While 60 mg/dl is a good level to aim for, you should have at least 30 mg/dl or above if you are a woman or 40 mg/dl or above if you are a man.

Drinking Your Way to HDL Cholesterol If your HDL cholesterol level is not as high as you would like for it to be, you are in luck, there are some steps you can take to increase your good cholesterol level.

These include getting more aerobic exercise. Aerobic exercise includes walking, jogging, swimming and bike riding. Losing weight can also help to increase your levels of good cholesterol.

You should also stop smoking and cut Trans fatty acids out of your diet. Trans fatty acids are found in prepackaged foods and fried fast foods.

Another way to raise your HDL cholesterol is to have a drink or two each day.

While too much alcohol can be bad for your heart, scientists have found that 1-2 drinks daily can raise your HDL cholesterol. Adding more soluble fiber to your diet can also help to raise your good cholesterol.

Healthy Choices To Lower Your Cholesterol

Healthy Choices To Lower Your Cholesterol by smgenie

Heart disease and stroke are often triggered by high cholesterol in the blood. Lowering your cholesterol for some is just a matter of changing your diet.

Others may need to diet and the help of medications prescribed by their doctor.

Either way, lowering your cholesterol can save your life.Changing your diet to lose weight is not the same as changing your diet to control your cholesterol level.

While losing weight will certainly improve your health, you also need to monitor your diet to exclude foods that are causing your high cholesterol levels.

Monitoring your diet does not mean giving up all the foods you love.

Many foods are healthy and good for you. For instance, a good variety of fruits and vegetables (with five or more servings per day), grain products like bread, cereal, rice, and pasta (choose six or more servings per day).

In addition, lean meats and poultry ( without skin and up to 6 ounces per day), fat-free and low fat milk , beans and peas , nuts and seeds in limited amounts, and fatty fish ( which can be baked or broiled , but limited to 2-3 servings per week ).

You should use vegetable oils like olive oil or corn oil when preparing your foods. There is also a large assortment of spices to give your food that extra pizzazz.

There are a number of foods you should omit from your diet if you want to lower your cholesterol. Whole milk and ice cream should be avoided.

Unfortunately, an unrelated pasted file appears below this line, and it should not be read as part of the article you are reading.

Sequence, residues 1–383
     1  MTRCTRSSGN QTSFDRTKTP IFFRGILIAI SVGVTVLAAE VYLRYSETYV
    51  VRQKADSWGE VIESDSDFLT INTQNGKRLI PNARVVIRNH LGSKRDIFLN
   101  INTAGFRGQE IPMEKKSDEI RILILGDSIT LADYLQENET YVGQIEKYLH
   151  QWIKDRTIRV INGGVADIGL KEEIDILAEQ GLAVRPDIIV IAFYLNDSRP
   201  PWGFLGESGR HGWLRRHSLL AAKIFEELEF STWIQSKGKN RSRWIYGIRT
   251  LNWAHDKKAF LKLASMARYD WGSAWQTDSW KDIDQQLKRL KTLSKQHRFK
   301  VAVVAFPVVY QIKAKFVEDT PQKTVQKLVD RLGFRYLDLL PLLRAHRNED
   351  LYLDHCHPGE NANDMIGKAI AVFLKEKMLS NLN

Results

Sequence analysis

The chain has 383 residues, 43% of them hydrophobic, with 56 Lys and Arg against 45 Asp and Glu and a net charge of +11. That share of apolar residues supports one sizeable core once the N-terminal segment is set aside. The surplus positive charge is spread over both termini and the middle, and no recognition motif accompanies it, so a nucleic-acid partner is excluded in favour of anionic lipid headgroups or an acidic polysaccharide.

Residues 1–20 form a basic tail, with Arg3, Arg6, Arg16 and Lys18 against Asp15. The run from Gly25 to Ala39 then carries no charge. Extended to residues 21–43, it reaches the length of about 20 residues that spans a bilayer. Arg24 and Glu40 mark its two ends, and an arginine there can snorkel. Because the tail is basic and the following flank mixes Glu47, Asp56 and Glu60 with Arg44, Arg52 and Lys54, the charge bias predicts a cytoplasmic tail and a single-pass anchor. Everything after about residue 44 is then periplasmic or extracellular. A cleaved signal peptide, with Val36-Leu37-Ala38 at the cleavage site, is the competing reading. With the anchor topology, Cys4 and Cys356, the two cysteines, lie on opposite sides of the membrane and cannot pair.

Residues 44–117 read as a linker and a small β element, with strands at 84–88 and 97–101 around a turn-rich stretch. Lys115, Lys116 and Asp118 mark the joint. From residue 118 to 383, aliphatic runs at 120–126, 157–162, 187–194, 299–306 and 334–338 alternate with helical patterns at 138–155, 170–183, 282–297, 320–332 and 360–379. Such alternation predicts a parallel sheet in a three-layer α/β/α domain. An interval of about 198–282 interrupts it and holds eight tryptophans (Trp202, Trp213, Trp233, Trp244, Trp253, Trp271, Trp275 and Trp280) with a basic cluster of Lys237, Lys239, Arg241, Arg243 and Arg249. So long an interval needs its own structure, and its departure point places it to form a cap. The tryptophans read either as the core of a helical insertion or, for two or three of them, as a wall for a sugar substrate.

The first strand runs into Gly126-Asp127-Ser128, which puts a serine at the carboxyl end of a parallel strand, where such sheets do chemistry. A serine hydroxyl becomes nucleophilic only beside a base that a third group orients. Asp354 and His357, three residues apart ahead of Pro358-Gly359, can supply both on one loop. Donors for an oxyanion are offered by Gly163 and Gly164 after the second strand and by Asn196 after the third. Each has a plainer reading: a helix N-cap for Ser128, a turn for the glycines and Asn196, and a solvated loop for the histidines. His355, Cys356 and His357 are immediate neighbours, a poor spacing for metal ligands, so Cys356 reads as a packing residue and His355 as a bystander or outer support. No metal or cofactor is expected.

Additionally, butter, egg yolks, and cheese and foods that include them should be removed from your diet.

Finally, organ meats like liver, high-fat processed meats (like sausage and hot dogs), and limit your intake of fried foods.Eating healthier involves knowing how to prepare your foods and changing your diet.

If you are not able to lower your cholesterol by diet and exercise alone, your doctor may have to prescribe medication.

Dieting and eating healthier to lower your cholesterol will improve your quality of life and significantly reduce your risk of other health problems.

High cholesterol is a serious health problem, and you can take action to avoid further health complications.

Confusion Between Fat And Cholesterol

Confusion Between Fat And Cholesterol by Ng Peng Hock

It appears that many people still confuse with fat and cholesterol in diet. A friend of mine once told me that peanut has no fat but it has cholesterol.

Very often, people voice their concern and make some confusing statement, such as don’t take coconut milk, it is high in cholesterol.

High blood cholesterol has been identified as a major risk factor for heart disease, which causes many people to avoid cholesterol from foods.

Many have confusingly argued that a low-fat diet is also low in cholesterol, which can be considered only half right.

What is cholesterol? It is a fat-like substance. It is definitely not a fat as its chemical structure is different from fat and it functions differently from fats.

Cholesterol is part of all body cells, some hormones as well as bile (which helps the body to digest and absorb fat in the digestive tract).